My objectin putting the trolleys in and out of circuit by varying their pressure upon the third rail, as previously described, is to prevent there being any live rail beneath the car when it is at rest and there is no occasion for using the current. Were the current still flowing from the electroconductor to the car through the trolleys, a rail-section might be projecting beyond the end of the car which would be charged with the current and liable to cause injury to any one who might be crossing the track too near the car; but by thus removing the pressure of the trolleys from the third rail the latter is made absolutely dead and incapable of harming any one, whether passing close by the car end or even working beneath it.

Although I have described this trolley as applicable to a form of third rail in which a resilient plate guards the electroconductor from undesired contact, it is equally applicable to any other kind of third rail, and wherever I speak of varying the pressure of the trolley upon the third rail it will of course be understood as a variation extending from zero to the maximum pressure required-in other words, varying from a condition of noncontact to a definite pressure.

In Fig. 5 I have shown the form of third rail for which "my trolley is especially designed and which differs from that illustrated in my said application, Serial No. 639,636, simply in there being no guide-rail upon the center line of the resilient plate P. Such a guide-rail being dispensed with gives the reason for my automatic self-guiding trolleywheel. For making the construction of my third rail clearer to those who may not have my said application at hand I would briefly describe it as comprising the substantially flat resilient plate P, secured to the raised edges of the base P with a sheet of insulating material P separating said plate and base and an electroconductor P located close beneath the center line of the said plate.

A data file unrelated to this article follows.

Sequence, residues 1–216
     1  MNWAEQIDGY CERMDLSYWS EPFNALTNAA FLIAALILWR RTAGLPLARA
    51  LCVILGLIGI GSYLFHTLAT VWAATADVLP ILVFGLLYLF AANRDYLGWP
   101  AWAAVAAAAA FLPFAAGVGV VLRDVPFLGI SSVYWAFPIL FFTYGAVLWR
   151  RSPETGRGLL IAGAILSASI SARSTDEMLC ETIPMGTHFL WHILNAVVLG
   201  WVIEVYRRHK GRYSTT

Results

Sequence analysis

What I claim as my invention, and desire to secure by Letters Patent, is as follows, to wit:

1. In combination,the plane-surfaced third rail, the trolley-wheel running thereon, bearings for said wheel adapted to resistingly per- Init a slight canting of the same, and means whereby such canting automatically guides said wheel toward the center line of the third rail, substantially as set forth.

2. In a trolley for third rails, the combination of the pivoted shank, the two parallel spring-arms carried thereby, bearing-boxes at the free ends thereof, the trolley-wheels revoluble in said boxes, and means for varyin g the downward pressure of said arms, substantially as andfor the purpose set forth.

3. In a trolley for third rails, the combination of the substantially horizontal, parallel spring-arms held at one end, means for forcibly depressing theirfree ends, a trolley-wheel revolubly carried by said free ends and having its peripheral face made crowning, substantially as and for the purpose set forth.

4. In a trolley for third rails, the combination of the substantially horizontal, parallel spring-arms given a limited spiral twist in opposite directions and rigidly held at one end, bearings at the free end of the same, and the trolley- Wheel having crowning peripheral face and loosely held in said bearings, substantially as and for the purpose set forth.

5. In a trolley for third rails, the combination of the tWo arms extending fore and aft from a single pivot, trolley-Wheels at their free ends, the right and left hand threaded nuts carried by said arm, and the correspondingly-threaded rod turning in said nuts and having means for its easy rotation, substantially as and for the purpose set forth.

6. In a trolley for third rails, the combination of the rigidly-held pin, F, the shanks,

D, D, pivoted thereon, oppositely-threaded nuts held by said shanks in vertical alinement, the correspondingly-threaded rod turning in said nuts and extended vertically, means for its easy rotation, the spring-arms rigidly held by said shanks, and the trolleywheels carried at the free ends of said arms, 3 5

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Cited By (1)

* Cited by examiner, † Cited by third party
Publication number Priority date Publication date Assignee Title
US20080104750A1 (en) * 2006-09-14 2008-05-08 Rawls-Meehan Martin B Methods and systems of an adjustable bed

Cited By (1)

* Cited by examiner, † Cited by third party
Publication number Priority date Publication date Assignee Title
US20080104750A1 (en) * 2006-09-14 2008-05-08 Rawls-Meehan Martin B Methods and systems of an adjustable bed